Immune cells called T cells can play a key role in maintaining protection against Covid-19 hospitalizations and deaths when new variants arise, said Dr. Anthony Fauci, director of the National Institute of Allergy and Infectious Diseases.
Throughout the Covid-19 pandemic, immunity has often been measured by the presence of antibodies in the blood. Antibodies are proteins made by the immune system to help fight infections. But immune systems are much more than just antibodies. They involve many players, including B cells and T cells, which are involved in the effort to fight off the coronavirus or any other pathogen.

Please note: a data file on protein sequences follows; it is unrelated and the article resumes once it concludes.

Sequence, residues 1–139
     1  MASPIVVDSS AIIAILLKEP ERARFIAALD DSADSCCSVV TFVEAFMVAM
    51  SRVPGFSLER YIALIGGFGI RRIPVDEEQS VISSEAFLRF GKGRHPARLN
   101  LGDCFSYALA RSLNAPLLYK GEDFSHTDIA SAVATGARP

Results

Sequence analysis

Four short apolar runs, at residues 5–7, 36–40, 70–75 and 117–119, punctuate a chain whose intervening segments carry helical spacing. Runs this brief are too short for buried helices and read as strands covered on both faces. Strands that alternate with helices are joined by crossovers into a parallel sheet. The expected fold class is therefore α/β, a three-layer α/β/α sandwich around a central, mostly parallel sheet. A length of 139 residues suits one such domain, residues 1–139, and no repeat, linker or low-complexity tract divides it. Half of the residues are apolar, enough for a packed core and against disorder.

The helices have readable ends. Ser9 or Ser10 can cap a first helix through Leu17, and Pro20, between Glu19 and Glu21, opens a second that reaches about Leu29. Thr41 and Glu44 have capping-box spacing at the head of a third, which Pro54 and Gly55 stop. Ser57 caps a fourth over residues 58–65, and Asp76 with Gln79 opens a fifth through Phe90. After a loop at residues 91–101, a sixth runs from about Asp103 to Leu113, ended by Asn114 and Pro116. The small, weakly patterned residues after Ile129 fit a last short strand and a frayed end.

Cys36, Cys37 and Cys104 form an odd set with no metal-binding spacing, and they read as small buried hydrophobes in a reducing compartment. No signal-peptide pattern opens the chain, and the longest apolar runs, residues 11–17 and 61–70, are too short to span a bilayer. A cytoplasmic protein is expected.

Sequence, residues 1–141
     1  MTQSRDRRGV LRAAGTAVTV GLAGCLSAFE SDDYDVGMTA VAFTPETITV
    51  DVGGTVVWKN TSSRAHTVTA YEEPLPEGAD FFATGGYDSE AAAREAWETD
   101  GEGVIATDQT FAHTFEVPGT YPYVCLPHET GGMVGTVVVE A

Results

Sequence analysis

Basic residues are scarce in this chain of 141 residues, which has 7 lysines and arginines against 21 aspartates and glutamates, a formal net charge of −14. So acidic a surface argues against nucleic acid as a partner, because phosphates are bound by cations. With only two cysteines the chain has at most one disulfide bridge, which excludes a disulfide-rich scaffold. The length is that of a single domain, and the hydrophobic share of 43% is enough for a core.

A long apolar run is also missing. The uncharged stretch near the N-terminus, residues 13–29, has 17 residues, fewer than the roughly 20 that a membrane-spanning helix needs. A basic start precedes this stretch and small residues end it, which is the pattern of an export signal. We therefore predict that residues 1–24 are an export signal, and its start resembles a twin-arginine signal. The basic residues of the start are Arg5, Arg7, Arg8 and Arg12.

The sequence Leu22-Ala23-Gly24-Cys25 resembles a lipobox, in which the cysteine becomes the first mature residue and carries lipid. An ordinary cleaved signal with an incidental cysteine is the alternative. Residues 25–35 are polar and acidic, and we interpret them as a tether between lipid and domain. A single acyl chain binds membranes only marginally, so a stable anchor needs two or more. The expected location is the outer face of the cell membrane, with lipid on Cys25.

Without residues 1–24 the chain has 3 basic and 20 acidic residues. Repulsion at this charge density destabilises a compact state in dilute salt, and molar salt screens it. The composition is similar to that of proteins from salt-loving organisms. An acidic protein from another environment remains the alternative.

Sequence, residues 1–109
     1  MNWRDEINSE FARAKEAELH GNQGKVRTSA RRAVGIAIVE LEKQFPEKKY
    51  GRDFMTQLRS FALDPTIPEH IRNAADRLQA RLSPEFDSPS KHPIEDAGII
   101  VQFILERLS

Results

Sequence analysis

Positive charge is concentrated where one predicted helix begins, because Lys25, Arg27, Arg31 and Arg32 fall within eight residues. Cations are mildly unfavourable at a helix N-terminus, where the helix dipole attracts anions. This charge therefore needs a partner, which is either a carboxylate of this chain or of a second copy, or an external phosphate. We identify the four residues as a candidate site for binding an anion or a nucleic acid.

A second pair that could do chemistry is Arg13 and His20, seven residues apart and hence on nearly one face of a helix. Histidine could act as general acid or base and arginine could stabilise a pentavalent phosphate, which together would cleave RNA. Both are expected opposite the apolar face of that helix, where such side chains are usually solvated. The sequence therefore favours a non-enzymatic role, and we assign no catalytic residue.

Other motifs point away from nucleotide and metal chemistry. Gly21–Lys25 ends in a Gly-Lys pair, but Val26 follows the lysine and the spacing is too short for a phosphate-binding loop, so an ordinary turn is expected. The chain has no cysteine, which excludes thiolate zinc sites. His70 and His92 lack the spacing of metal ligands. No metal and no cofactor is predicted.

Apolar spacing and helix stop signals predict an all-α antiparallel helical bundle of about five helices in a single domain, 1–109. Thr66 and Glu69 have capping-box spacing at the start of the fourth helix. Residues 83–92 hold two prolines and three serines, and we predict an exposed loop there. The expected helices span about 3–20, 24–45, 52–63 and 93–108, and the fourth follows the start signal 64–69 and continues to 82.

During a White House briefing on Friday, Fauci said:
"The fundamental basic message is that there are two limbs of the response. The B cell limb, which provides the antibodies that we measure when we show you neutralizing titers. Those B cell responses can give antibodies but also memory, namely, when they see an antigen again."
Fauci added that "the other limb of the immune response is the T cell limb," which, in some respects, helps the B cells make antibodies but also has a function of its own, including immune memory function.
Antibodies — made by B cells with help from T cells — primarily prevent initial infection, Fauci said. T cells generally prevent the progression of an infection.